So here is some background. Pierre was the first Hogue to arrive in New France, sometime before January 26, 1672, when he is a witness in Montreal at a marriage. Pierre was born around 1648 in Notre-Dame de Bellifontaine, Picardie, France. On the occasion of his first marriage he declared that his father was Jean Hogue and his mother was Nicole Dubuc.

This first marriage in 1672 was a very interesting one. It was to Marie Madeleine Catherine Nachita, a woman from the Potawatomi Nation, a tribe that lived in what is now Michigan. She had been educated, and cared for, by Margaret Bourgeoys, whom I’ve mentioned before. There’s a possibility that Marie Madeleine Catherine had been a prisoner of the Iroquois at some point. In the book The Pearl of Troyes, or Reminiscenses of the Early Days of Ville-Marie published in 1878 by the Congregation de Notre Dame de Montreal, we read:

“the young girls dowry consisted of the funds given by the Princess of Conti [a French benefactor of Margaret Bourgeoys]; Mr. Zachary Du Puy, Major of the garnison stationed at Ville-Marie, gave her a dwelling house, to which was attached a large garden and a poultry yard, Mr. Dollier de Casson of saint Sulpice, gave furniture and kitchen utensils to the value of 130 livres”.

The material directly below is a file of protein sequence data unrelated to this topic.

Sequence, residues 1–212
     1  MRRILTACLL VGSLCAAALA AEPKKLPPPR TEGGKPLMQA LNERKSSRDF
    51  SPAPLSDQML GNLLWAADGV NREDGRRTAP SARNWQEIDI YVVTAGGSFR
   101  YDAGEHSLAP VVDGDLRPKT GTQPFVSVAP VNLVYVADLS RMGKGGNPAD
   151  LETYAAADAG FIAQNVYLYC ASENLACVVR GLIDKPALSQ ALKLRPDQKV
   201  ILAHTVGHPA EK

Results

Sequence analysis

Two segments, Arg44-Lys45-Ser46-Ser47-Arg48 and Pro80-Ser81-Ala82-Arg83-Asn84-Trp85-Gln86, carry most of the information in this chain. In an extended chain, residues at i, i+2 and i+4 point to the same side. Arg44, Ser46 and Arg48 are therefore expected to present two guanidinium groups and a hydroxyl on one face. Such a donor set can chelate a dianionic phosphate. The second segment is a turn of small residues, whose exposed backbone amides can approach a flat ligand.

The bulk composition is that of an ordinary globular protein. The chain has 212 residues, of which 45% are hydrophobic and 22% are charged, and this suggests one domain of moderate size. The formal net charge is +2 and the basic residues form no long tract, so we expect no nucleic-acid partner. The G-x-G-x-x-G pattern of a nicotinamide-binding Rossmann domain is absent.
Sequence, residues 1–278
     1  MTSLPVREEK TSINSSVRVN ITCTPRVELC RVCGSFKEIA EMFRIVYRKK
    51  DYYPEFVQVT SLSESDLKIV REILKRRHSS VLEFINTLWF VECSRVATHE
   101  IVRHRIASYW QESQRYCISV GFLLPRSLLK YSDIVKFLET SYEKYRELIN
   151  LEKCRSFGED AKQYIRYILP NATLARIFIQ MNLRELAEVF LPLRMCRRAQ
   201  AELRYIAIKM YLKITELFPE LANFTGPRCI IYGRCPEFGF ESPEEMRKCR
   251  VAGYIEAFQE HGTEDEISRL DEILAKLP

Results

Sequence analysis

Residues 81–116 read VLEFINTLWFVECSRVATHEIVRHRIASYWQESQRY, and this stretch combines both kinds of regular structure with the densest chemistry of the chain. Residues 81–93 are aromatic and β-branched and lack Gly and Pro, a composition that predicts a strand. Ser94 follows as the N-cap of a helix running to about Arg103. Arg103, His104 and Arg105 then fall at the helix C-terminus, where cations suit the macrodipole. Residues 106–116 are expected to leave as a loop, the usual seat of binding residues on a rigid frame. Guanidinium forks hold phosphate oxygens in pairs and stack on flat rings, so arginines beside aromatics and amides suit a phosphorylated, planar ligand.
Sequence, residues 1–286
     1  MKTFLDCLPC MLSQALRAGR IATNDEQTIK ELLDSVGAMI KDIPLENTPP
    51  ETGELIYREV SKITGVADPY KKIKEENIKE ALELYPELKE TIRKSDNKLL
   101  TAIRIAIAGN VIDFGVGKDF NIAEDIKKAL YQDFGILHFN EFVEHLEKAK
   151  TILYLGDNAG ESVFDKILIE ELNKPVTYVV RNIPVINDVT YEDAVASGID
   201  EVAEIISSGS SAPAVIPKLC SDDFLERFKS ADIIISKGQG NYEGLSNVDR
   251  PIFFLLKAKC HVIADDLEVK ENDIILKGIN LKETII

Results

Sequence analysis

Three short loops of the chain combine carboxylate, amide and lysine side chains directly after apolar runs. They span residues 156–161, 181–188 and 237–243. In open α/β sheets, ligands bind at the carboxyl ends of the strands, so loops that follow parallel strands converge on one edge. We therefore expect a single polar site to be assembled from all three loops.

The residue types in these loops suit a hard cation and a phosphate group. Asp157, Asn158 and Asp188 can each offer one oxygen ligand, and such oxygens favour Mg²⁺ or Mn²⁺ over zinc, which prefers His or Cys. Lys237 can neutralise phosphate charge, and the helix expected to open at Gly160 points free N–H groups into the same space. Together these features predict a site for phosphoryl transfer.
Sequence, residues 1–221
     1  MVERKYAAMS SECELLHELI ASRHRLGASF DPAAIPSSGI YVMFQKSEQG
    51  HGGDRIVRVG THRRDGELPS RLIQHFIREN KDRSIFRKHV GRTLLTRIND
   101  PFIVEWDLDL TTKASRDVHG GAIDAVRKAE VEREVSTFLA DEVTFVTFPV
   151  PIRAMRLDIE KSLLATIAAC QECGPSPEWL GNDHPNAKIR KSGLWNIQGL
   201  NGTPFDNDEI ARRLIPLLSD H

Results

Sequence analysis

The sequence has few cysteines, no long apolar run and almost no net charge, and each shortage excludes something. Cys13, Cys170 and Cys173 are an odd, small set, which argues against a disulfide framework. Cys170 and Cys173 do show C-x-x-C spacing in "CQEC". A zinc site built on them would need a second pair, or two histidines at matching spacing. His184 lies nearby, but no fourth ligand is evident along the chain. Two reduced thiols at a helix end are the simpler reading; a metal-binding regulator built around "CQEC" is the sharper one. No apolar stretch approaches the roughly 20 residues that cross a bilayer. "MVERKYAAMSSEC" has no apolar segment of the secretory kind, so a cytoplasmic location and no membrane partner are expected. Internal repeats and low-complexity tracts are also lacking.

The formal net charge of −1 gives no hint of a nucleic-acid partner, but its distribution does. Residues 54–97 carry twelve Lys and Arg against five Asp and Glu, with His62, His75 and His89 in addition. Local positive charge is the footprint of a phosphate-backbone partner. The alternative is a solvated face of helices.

That sounds like a pretty good start in life, given the times. Some important persons attended the wedding including Charles D’Ailleboust and his wife Catherine Legardeur.

Pierre and Marie Madeleine Catherine had two sons, Claude and Pierre. Turns out that baby Pierre’s godmother was Jeanne Hunault, one of our Girardin ancestors. The marriage was a brief one, Marie Madeleine Catherine dying in September of 1676. Having young children, Pierre quickly married Jeanne Theodore in November of the same year. She had been born in 1663 in Montreal, making her 13 at the time of this marriage.

Quebec, Vital and Church Records (Drouin Collection), 1621-1967), Montreal, Basilique Notre-Dame 1643-1680, Registres Photographies au greffe de Montreal, stamped page 82, image 164 of 277, accessed on ancestry.ca 22 Apr 2014

Quebec, Vital and Church Records (Drouin Collection), 1621-1967), Montreal, Basilique Notre-Dame 1643-1680, Registres Photographies au greffe de Montreal, stamped page 82, image 164 of 277, accessed on ancestry.ca 22 Apr 2014

I wrote about her parents Michel Theodore dit Gilles and Jacqueline Larange  here.

Pierre and Jeanne lived in Montreal and would end up having 7 children all together, six of which survived. In the census of 1681 they are living with Pierre’s son Pierre and their son Jean Baptiste. I don’t know what happened to Pierre’s son Claude. His son Pierre drowned at the age of 22.